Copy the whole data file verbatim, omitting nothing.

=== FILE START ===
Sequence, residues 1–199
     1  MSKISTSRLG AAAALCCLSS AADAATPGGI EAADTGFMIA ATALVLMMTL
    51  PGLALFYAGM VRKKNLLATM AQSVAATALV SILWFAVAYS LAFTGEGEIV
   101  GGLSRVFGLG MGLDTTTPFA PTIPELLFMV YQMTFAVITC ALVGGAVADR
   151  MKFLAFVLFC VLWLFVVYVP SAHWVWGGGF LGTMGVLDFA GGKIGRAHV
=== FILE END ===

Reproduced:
Sequence, residues 1–199
     1  MSKISTSRLG AAAALCCLSS AADAATPGGI EAADTGFMIA ATALVLMMTL
    51  PGLALFYAGM VRKKNLLATM AQSVAATALV SILWFAVAYS LAFTGEGEIV
   101  GGLSRVFGLG MGLDTTTPFA PTIPELLFMV YQMTFAVITC ALVGGAVADR
   151  MKFLAFVLFC VLWLFVVYVP SAHWVWGGGF LGTMGVLDFA GGKIGRAHV